340B a small program with tricky compliance field

Although drug spending under the 340B program is a small fraction of drug spending in the country overall, compliance remains important for all entities involved: hospitals, pharmacies, and manufacturers. In a Health Care Compliance Association webinar entitled “340B Program: Finding Clarity in Uncertain Times,” presenters Karolyn Woo and Tony Lesser, both from Deloitte & Touche LLP, advised listeners to allocate the necessary resources to ensure compliance in light of increased audit activity.

340B program

Created by section 340B of the Public Health Service Act (PHSA), the program requires drug manufacturers participating in the Medicaid program to provide outpatient drugs to participating health care organizations at reduced prices. These discounts allow providers to save between 25-50 percent on outpatient drug costs. However, for perspective, 340B spending only accounted for just over $12 billion of the $310 billion spent on drugs in 2015.

Oversight and audits

Despite the program’s relatively small size, Woo and Lesser underscored the necessity of compliance, noting the Health Resources and Services Administration’s (HRSA) increased oversight activity. The agency has recently contracted experienced auditors, who focus on eligibility, drug diversion, duplicate discounts, and billing accuracy. If issues are found during the audit, the HRSA Office of Pharmacy Affairs (OPA) will review these issues, present a corrective action plan to HRSA, and finalize its report. Drug diversion is the most common issue, and repayment to manufacturers was required in over half of the completed audits in fiscal years (FYs) 2015 and 2016. Although there has been no uptick in the number of manufacturer audits recently, HRSA may contact an entity to request certain information outside of an audit, which should be presented as clearly as possible. In addition, specialty pharmacies, which often represent a high percentage of a manufacturer’s 340B revenue, may fall under particular scrutiny.

Compliance plan

Repayment requires that the covered entity and the manufacturer work out a financial remedy in good faith. The process is hampered by outdated OPA information, lack of deadline guidance, and differing repayment calculations. To avoid being placed in this situation, covered entities should create a compliance plan that ensures close oversight of 340B activity, starting with educating staff and reviewing 340B policies and procedures. Entities should perform internal audits to find areas of non-compliance, and learn how to prevent and detect identified issues. When areas of non-compliance are found, they should be reported to manufacturers, HRSA, or other entities as required.

Trump nominates Gottlieb for FDA Commissioner

President Trump intends to nominate Scott Gottlieb, M.D., a resident fellow at the conservative American Enterprise Institute (AEI), clinical assistant professor at New York University School of Medicine, and a member of the HHS Federal Health IT Policy Committee, to the post of FDA Commissioner. The White House announced the nomination, which brought varied reactions from opposite sides of the aisle and a general positive response from the pharmaceutical industry, via a tweet from Press Secretary Sean Spicer.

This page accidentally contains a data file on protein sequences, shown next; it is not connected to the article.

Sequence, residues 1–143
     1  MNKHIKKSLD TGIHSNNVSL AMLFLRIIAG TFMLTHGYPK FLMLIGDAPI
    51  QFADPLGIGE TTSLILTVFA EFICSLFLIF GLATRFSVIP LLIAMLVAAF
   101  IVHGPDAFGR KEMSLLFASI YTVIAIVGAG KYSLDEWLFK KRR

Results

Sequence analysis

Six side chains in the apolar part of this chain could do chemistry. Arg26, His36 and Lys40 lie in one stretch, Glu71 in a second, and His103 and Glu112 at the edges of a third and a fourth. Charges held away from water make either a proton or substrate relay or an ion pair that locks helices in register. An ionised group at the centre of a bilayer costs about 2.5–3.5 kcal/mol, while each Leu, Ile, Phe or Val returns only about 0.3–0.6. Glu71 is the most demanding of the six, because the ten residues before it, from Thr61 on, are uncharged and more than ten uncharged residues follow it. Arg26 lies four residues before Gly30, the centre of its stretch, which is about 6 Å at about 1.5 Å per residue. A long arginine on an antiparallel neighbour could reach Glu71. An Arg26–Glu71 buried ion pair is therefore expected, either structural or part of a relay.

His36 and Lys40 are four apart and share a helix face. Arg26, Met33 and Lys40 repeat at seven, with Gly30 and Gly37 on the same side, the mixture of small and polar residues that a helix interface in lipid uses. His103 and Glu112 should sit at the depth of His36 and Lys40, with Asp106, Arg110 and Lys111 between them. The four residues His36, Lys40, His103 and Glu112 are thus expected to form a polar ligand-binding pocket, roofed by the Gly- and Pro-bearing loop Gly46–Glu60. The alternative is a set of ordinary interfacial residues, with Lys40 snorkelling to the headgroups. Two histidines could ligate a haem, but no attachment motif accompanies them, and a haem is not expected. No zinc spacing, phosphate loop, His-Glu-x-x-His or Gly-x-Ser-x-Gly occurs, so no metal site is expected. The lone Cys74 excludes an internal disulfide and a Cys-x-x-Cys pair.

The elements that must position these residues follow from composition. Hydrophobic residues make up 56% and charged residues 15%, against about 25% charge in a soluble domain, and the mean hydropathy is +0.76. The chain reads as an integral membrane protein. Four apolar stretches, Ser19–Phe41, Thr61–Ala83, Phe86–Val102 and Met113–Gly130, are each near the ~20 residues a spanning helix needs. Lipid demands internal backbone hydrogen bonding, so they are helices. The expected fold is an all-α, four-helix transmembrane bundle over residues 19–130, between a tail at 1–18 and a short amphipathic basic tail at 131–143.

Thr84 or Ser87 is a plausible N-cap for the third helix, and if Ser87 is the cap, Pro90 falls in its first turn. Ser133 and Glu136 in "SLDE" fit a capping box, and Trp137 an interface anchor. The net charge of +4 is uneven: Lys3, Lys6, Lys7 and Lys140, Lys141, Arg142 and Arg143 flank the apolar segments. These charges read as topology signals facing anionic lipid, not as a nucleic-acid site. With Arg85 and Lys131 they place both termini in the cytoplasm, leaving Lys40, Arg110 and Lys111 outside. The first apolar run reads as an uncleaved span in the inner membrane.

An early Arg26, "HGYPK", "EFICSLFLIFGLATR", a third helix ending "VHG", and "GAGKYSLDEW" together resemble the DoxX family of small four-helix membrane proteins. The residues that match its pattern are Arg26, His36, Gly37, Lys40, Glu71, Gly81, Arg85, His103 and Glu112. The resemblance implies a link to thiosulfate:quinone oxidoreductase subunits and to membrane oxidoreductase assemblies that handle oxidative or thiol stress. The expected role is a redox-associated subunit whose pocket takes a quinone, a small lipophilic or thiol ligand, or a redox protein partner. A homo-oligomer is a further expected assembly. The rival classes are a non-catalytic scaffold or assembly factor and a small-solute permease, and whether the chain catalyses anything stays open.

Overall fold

Gottlieb served as the Deputy FDA Commissioner from 2005 to 2007 and previously served as a senior official at CMS. He has testified before Congress on numerous occasions as an AEI felllow, most recently with respect to EpiPen® price increases and “How Regulatory Barriers Inhibit Pharmaceutical Competition.” Gottlieb noted that FDA regulatory policy has made developing less expensive copies of complex drugs after patent expiration difficult, discussed how the 340B program has put “upward pressure on drug prices,” while noting other change in drug insurance coverage structure, and described obstacles to competitive single source drug pricing.

Various sources report that Gottlieb has close ties to the pharmaceutical industry. Scientific American noted that Gottlieb believes in a quicker approval process for new drugs, but has focused on shortening waiting times for large, clinical trials rather than doing away with efficacy considerations. He commented on this, to an extent, in remarks he made at the 21st Annual International Meeting of the International Society for Pharmacoeconomics and Outcomes Research (ISPOR) in May 2016.

Gottlieb has also issued commentary about the Patient Protection and Affordable Care Ac (ACA) (P.L. 111-148). In May 2016, he testified before Congress that the law’s tiered marketplace approach has aided consumers with plan selection, but has forced insurers into narrow design corridors. His testimony regarding the ACA also included a suggestion that CMS move away from mandates and towards incentives to encourage individuals to enter into the insurance market (see Is there a better way than the ACA? Hearing asks experts, Health Law Daily, May 12, 2016). More recently, he coauthored a piece with another AEI fellow, opining that President Trump’s election provided, “a generational opportunity to pursue a new direction for American health care” and making suggestions about how a new health care system should operate. The authors suggested that the system should provide a path to catastrophic health insurance for all, accommodate individuals with pre-existing health conditions, allow access to health savings accounts, and deregulate the medical services market.

Senator Lamar Alexander (R-Tenn), Chairman of the Committee on Health, Education, Labor & Pensions, touted Gottlieb’s “impressive qualifications” in a released statement. His colleague, Ranking Member Patty Murray (D-Wash), expressed “initial concerns” about the nomination, including Gottlieb’s “work with multiple pharmaceutical companies, medical device companies, and investment firms.”